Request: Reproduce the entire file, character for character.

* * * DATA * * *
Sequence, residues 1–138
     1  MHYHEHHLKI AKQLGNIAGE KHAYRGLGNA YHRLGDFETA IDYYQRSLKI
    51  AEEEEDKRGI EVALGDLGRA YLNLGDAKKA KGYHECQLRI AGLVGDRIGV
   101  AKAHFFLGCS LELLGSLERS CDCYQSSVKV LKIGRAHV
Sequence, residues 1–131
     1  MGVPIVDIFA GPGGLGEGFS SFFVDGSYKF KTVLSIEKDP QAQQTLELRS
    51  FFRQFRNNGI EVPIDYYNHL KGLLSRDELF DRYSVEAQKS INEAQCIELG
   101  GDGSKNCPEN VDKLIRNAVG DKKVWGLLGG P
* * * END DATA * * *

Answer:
Sequence, residues 1–138
     1  MHYHEHHLKI AKQLGNIAGE KHAYRGLGNA YHRLGDFETA IDYYQRSLKI
    51  AEEEEDKRGI EVALGDLGRA YLNLGDAKKA KGYHECQLRI AGLVGDRIGV
   101  AKAHFFLGCS LELLGSLERS CDCYQSSVKV LKIGRAHV
Sequence, residues 1–131
     1  MGVPIVDIFA GPGGLGEGFS SFFVDGSYKF KTVLSIEKDP QAQQTLELRS
    51  FFRQFRNNGI EVPIDYYNHL KGLLSRDELF DRYSVEAQKS INEAQCIELG
   101  GDGSKNCPEN VDKLIRNAVG DKKVWGLLGG P